Following the SDSR 2015 MOD took on more responsibility for contributing to national economic prosperity through support to exports and certain trade missions. The international competitiveness plans set out within the NSBS are an ideal opportunity for the Royal Navy to contribute towards this goal. The ‘used by the UK’ brand which can apply to equipment and support services is influential in international markets and coupled with the increasingly prestigious UK tech brand, the information systems and services integrated in new naval platforms could become a leading UK offer.
The reputation and prowess of the UK’s digital technology industry would be a major bonus to the exportability of naval platforms, but must be supported by a concerted effort to integrate open architectures and interoperability principles. As the new NSBS highlights, it is important that any programmes that are intended to be exported do not succumb to over specification from the UK customer. When addressing the issue of exportability the complexity of the information systems aboard the new builds (and indeed existing platforms) must be a top consideration. The issues here are similar to those of land and air platforms; can these systems become interoperable during their lifespan? How will they be maintained and updated? Is it even wise to include these systems in the sale of a platform?
The UK Defence industry makes significant contributions to regional economies, as do tech clusters around the UK. The NSBS refers to regional clusters supporting shipyards and creating an international offer for other nations looking to use these yards for maintenance and upgrades. The UK’s digital technology clusters and companies based near the shipyards have an excellent opportunity to engage directly with these new communities and place themselves as valuable providers of technologies such as modelling, simulation, navigation, and communications technologies.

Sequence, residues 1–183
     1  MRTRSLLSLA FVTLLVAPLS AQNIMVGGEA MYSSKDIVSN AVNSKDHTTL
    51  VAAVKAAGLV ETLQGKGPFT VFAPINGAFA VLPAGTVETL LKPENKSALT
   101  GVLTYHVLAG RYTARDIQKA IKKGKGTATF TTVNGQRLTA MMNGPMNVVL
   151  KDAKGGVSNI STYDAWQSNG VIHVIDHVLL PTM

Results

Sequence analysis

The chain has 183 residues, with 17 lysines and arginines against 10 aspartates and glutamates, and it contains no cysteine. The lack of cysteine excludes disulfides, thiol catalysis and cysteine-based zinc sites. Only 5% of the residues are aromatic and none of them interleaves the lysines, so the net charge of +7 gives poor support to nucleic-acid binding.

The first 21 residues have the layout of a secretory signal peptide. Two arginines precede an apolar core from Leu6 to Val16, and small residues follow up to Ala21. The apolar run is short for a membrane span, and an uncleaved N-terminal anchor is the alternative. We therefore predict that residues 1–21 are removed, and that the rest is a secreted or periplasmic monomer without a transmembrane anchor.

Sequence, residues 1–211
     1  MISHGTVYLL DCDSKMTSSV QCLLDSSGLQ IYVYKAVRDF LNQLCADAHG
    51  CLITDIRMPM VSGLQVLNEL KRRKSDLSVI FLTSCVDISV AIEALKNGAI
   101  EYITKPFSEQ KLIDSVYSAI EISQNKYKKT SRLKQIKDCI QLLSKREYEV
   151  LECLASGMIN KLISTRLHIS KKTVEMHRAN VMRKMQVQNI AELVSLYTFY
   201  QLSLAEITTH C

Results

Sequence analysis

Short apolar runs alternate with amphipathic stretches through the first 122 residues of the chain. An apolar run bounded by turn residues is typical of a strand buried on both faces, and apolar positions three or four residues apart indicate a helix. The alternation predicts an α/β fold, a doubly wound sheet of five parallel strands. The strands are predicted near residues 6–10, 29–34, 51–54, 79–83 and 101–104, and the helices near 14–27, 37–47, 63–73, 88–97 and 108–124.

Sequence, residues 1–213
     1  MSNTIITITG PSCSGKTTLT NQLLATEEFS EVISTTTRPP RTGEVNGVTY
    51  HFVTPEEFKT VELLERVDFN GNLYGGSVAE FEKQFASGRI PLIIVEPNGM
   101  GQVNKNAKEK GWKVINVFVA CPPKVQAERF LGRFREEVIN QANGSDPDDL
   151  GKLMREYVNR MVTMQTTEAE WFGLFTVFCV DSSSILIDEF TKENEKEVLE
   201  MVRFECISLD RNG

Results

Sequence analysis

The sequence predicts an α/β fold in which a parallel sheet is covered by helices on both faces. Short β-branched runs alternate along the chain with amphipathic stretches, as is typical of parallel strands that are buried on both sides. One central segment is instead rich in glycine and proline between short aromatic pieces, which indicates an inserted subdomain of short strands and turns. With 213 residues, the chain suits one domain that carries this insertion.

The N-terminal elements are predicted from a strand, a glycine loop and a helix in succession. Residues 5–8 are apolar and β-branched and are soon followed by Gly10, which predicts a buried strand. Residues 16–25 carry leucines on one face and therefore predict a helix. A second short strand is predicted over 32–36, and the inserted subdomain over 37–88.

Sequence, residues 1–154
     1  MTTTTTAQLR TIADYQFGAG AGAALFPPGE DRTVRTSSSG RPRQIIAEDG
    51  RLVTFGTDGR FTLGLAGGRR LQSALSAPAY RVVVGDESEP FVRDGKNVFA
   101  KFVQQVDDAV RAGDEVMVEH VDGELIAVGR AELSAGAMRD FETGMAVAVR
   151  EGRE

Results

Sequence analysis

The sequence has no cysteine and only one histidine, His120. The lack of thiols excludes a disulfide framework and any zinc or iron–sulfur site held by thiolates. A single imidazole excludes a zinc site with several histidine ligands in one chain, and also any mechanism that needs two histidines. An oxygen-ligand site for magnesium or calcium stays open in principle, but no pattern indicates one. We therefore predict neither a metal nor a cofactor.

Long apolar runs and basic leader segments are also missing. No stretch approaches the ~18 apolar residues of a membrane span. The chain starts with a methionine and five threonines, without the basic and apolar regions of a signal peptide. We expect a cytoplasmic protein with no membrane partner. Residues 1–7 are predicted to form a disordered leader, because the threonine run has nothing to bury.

The NSBS accepts the challenges of operating a shipyard with traditional industrial maritime manufacture processes, that is to say work can wax and wane, and without a sustained pipeline of work these national assets can become dormant, at the cost of thousands of jobs. Creating a pipeline of work and resilience in times of hardship will be key to this strategy, and ensuring that the industrial communities (both locally connected and further afield) are prepared to support this activity will be vital. Yet again this will rely on clear communication between industry and government regarding opportunities, and using a collaborative approach to prioritise the most advantageous national offer. On this point, although technology alone is rarely the definitive answer to a question this large, digital collaboration and information sharing tools could play an important role. Online remote collaboration enabling design, commercial, and engineering tasks could dramatically reduce cost and time spent on future programmes.
A key challenge in the coming months will be for MOD to ensure that the NSBS and the yet to be released Defence Industrial Policy Refresh exercise dovetail on important points such as pace of procurement, a long term view of value for money, support to SMEs in the supply chains of large programmes, and prioritising interoperability and open standards. techUK will continue to work with MOD to promote these values that are invaluable to creating good relations between industry and their customer. The challenge then becomes enacting and delivering on these strategies.